August 16, 2023


New Zealand beef breeders urged to nominate sires for beef progeny test programme


New Zealand's Angus, Hereford, and Simmental bull breeders have been urged to nominate sires are for the Informing New Zealand Beef (INZB) programme, which aims to identify bulls for the upcoming mating season at Pamu's Kepler farm near Te Anau, located in the southern part of the country, as well as at Lochinver Station near Taupo, in the centre of New Zealand's North Island, New Zealand Herald reported.


Dr Jason Archer, genetics specialist at Beef + Lamb New Zealand and the INZB Science Lead, underscored the significance of the beef progeny test (BPT) in enabling direct comparisons between breeds and bulls. This initiative establishes a level playing field for evaluating promising bulls while shedding light on the distinct attributes and shared benefits of hybrid vigour.


Emphasising the broader implications of the BPT, Archer highlighted its role in bolstering New Zealand's beef industry for the collective benefit of all farmers involved.


Bull breeders selected to participate in the BPT will receive comprehensive insights into the performance of their bull's progeny, including vital processing data in the case of steers.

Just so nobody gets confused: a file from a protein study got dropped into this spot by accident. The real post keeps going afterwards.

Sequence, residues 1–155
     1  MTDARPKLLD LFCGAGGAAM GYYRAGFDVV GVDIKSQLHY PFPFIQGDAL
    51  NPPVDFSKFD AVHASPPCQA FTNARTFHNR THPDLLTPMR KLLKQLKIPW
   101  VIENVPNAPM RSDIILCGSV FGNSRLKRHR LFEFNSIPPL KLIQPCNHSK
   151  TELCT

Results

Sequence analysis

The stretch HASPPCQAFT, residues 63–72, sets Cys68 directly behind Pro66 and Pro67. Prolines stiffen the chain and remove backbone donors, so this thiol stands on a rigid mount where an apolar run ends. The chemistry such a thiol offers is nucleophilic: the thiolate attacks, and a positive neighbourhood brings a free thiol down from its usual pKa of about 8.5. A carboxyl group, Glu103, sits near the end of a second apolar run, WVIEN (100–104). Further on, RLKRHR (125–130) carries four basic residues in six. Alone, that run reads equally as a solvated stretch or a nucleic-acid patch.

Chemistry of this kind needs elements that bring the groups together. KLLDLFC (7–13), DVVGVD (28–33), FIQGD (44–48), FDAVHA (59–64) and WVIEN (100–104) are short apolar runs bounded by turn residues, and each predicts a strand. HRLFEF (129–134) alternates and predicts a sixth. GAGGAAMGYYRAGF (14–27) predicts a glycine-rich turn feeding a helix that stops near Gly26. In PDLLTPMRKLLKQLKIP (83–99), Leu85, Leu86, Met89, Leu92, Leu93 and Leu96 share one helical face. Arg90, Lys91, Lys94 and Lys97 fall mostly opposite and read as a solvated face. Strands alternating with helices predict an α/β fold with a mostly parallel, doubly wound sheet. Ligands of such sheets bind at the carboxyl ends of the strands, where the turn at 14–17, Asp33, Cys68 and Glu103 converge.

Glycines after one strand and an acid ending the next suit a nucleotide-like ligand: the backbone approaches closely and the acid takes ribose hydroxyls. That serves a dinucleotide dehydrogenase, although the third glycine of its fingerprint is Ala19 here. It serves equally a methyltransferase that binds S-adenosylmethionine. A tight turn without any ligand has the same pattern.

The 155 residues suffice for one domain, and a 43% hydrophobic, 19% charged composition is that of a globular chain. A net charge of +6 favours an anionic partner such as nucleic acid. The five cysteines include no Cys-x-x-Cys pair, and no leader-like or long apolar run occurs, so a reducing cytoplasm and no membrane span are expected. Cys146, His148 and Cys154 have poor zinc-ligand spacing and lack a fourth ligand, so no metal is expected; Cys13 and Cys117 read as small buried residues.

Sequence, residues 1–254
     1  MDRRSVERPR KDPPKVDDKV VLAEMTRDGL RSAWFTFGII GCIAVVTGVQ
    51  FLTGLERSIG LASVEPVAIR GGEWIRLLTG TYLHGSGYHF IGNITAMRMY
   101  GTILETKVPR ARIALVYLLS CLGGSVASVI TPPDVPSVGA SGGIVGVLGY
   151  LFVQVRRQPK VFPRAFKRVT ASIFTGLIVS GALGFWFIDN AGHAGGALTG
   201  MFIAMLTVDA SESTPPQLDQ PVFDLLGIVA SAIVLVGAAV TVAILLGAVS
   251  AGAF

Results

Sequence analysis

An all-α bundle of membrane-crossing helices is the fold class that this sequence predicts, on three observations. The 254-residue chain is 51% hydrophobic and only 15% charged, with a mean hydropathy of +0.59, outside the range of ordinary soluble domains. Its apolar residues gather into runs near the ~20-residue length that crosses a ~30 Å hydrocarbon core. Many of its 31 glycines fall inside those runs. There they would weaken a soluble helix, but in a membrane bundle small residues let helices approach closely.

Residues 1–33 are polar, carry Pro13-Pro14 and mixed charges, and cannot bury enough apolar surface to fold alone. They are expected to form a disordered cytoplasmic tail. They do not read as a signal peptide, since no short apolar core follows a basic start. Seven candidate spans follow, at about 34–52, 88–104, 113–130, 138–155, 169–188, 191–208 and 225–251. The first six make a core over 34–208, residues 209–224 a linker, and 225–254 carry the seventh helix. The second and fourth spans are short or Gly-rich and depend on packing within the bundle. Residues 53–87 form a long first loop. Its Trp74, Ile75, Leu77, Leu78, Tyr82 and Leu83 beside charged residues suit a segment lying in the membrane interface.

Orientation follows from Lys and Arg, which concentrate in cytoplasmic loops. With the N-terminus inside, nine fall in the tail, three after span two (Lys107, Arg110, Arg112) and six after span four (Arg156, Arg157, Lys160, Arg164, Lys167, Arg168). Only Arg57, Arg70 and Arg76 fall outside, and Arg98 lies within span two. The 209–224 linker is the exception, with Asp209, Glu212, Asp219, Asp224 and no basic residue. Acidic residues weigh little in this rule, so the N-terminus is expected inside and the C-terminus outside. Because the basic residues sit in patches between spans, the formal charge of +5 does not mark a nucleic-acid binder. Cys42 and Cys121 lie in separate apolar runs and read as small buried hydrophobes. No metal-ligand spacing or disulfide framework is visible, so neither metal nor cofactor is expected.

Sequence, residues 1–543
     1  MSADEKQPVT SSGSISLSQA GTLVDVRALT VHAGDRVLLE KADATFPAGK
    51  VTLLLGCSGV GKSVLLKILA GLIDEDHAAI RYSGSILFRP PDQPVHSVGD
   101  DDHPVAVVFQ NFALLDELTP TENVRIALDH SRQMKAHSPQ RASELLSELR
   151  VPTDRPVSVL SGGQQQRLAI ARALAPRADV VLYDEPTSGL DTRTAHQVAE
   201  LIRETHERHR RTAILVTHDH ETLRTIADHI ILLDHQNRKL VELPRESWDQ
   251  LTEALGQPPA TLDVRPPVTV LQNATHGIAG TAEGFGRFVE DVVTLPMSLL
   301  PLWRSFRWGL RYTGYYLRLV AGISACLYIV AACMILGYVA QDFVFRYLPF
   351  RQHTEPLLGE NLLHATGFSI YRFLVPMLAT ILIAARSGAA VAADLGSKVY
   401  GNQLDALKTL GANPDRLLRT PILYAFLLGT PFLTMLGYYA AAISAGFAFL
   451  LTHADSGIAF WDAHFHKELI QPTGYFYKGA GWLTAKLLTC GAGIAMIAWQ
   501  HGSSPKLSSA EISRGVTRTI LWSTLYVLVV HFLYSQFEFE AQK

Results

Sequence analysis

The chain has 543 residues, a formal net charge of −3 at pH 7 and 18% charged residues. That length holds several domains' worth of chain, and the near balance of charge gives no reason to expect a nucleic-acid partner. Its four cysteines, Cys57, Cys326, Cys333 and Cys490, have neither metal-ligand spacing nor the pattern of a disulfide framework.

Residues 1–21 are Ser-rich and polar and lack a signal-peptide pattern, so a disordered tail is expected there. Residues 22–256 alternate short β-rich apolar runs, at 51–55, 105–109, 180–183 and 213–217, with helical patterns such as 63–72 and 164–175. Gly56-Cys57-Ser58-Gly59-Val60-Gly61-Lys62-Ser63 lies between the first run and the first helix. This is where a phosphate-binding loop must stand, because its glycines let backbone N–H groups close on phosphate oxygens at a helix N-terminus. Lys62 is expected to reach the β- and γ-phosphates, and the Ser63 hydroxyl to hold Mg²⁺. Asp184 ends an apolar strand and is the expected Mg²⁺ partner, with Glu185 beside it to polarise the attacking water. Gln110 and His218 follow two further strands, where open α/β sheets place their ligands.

The INZB BPT builds upon the wealth of data accumulated from the previous beef progeny test, spanning from 2014 to 2020, which encompassed numerous large-scale commercial cattle operations across the nation.


Incorporating new perspectives, Lochinver Station joined the programme as a host farm for progeny testing last year. In January of the current year, approximately 600 Angus cows at the expansive 9500ha sheep and cattle farm were artificially inseminated using bulls of the Angus, Hereford, and Simmental breeds.


Steve Smith, business manager at Lochinver Station, highlighted the dual benefits of the farm's participation in the INZB programme. He noted the farm's forward-looking stance on beef production and its integral role in contributing to the advancement of New Zealand's beef industry.


With a commitment to enhanced efficiency, the program provides valuable insights into growth, fertility, and carcass traits. This data empowers on-farm decision-making, enabling the identification of optimal bull breed combinations to generate more resource-efficient cattle through hybrid vigour.


Notably, Lochinver's inclusion in the programme marked a significant milestone, as it introduced Simmental genetics to the BPT for the first time. While Simmentals are often employed as terminal sires in New Zealand, Archer pointed out that the breed plays a maternal role in crossbred cows in other global regions.


The Kepler farm, on the other hand, presents a unique dynamic with Hereford and Angus cows coexisting and crossbreeding being explored in both directions.


New Zealand bull owners are invited to participate in the initiative by nominating their bulls via the online nomination form. The nomination window will close on August 25.


-      New Zealand Herald

Video >

Follow Us